There has been a lot of backlash to the term “toxic masculinity” because it implies all masculinity is toxic. And you don’t need to be a genius to realise this is an oversimplified conclusion to a complex sociological problem.
However, putting the phrase’s wording aside, the staggering rates of suicide and domestic violence make it clear that the “positive” and “negative” aspects of masculinity need to be distilled, and—difficult as that may be—that’s exactly what Phil Barker attempts to do in his latest work: The Revolution Of Man.
Of course there is a grey area; expectations can cultivate diverse attitudes across individuals. For instance: the trope that “men are tough” could lead one boy to develop mental resilience, another to become an insensitive jerk and yet another—if he can’t live up to it—to feelings of angst, depression or even suicide. So the context in which masculine narratives are delivered, as well as their nuance, clearly matters.
Likewise: a bit of banter between mates is ok, but bullying is not. But much as we would like there to be one, there is not always an obvious place to draw the line. Human interaction is not that clear cut. In light of this, it is too simplistic to say that “all masculinity is toxic.” However, given the rampant toxic behaviours like sexual assault, bullying and homophobia that still exist within our society, it is clear men’s attitudes and masculine culture needs to change—for the sake of everyone.
As Phil Barker writes: “There’s no downside to a world in which men avoid the behaviour dictated by the Man Box (his term for toxic masculinity) and policed by other men. Women win. They won’t get bashed, raped and murdered as much. Our children win. We can become unshakeable rocks on which they can build the foundations of their lives. Men win. We’ll stop killing ourselves. We’ll experience the life-saving happiness of wonderful relationships and love in our lives.”
The question is, “How?”
Well, building on more than 25 years of journalism experience, Barker—former editor of NW and Woman’s Day magazines, and contributor at Vogue, GQ, Delicious, InsideOut and Donna Hay—has made an attempt at answering that very question, unpacking the myth of the ‘Man Box’ and Australian masculinity in his latest book: The Revolution Of Man.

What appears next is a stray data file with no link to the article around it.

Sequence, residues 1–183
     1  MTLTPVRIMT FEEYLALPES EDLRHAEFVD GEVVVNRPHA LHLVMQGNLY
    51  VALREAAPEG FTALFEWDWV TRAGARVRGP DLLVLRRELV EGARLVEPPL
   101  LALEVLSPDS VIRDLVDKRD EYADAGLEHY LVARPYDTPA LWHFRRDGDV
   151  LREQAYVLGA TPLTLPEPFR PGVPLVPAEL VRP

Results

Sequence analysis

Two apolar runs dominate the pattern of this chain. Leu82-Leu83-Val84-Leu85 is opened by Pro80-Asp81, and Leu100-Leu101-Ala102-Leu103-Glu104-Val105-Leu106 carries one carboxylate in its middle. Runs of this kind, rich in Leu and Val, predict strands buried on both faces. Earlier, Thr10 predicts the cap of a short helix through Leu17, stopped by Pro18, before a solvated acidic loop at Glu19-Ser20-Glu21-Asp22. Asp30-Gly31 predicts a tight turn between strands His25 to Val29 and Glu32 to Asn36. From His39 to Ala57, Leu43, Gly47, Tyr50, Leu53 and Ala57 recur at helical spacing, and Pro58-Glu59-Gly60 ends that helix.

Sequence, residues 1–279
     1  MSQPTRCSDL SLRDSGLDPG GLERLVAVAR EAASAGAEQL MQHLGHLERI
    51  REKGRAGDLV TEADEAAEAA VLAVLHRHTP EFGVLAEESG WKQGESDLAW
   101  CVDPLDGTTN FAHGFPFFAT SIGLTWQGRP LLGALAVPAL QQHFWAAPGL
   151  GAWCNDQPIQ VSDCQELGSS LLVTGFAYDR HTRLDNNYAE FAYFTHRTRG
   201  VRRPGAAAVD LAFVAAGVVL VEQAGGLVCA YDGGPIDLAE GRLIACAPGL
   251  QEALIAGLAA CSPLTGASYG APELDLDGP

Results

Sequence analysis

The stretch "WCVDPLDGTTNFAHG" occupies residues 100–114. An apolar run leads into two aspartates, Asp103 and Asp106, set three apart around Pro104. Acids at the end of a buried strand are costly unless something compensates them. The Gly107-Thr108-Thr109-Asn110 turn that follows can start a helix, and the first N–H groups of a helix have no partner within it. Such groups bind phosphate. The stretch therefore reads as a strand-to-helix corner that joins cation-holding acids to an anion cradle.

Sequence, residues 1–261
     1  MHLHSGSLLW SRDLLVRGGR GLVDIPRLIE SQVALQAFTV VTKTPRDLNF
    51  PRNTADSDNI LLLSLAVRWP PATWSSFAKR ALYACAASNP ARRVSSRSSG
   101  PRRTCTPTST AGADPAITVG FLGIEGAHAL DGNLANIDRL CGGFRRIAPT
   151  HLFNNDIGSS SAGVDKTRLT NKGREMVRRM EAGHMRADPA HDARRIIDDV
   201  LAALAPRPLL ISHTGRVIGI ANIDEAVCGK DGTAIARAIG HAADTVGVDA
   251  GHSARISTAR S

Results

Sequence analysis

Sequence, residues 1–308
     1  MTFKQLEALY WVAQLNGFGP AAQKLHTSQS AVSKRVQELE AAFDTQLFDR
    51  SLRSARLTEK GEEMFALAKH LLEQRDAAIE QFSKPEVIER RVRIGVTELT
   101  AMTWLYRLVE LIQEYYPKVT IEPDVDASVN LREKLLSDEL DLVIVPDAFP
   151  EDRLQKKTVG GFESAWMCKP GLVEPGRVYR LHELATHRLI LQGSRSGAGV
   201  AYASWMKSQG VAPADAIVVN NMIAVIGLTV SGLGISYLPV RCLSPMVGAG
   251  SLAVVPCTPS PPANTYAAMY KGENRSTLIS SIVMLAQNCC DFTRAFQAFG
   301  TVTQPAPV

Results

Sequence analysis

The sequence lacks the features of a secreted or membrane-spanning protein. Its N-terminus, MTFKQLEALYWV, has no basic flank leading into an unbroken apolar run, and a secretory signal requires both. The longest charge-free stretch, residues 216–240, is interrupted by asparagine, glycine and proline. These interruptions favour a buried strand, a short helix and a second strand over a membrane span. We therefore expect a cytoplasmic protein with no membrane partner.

Peter FitzSimons, bestselling author of Kokoda says: “This book is the conversation we need to have-with each other, our sons and fathers,” while Steve Biddulph, a psychologist and bestselling author of Manhood calls it, “‘A terrific read-gutsy, plain-speaking and personal, addressing almost every aspect of Australian men’s lives today.”
“This book will greatly help the growing avalanche of masculine change.”
Tracey Spicer, journalist and bestselling author, adds: ‘Phil Barker skewers toxic masculinity and provides a manifesto for modern manhood,” she says. “This well-researched, engaging and thought-provoking book explains why positive masculinity is good for men, women and children. We need more male allies like Phil to create a safer future for the post #MeToo generation.”
While this may come across as an attack on masculinity: it’s actually an opportunity to use it—to fight against the negative expectations that hold us back, and the toxic attitudes (and behaviours) they can lead to.
As Phil Barker knows only too well (having spent years investigating suicide, domestic violence, pornography and misogyny—alongside the essential bonds of male friendship, fatherhood and men’s relationships with women), men are as sick and tired of being forced into a performance of masculinity that is “suffocating, limiting and damaging,” as women are of dealing with the fallout.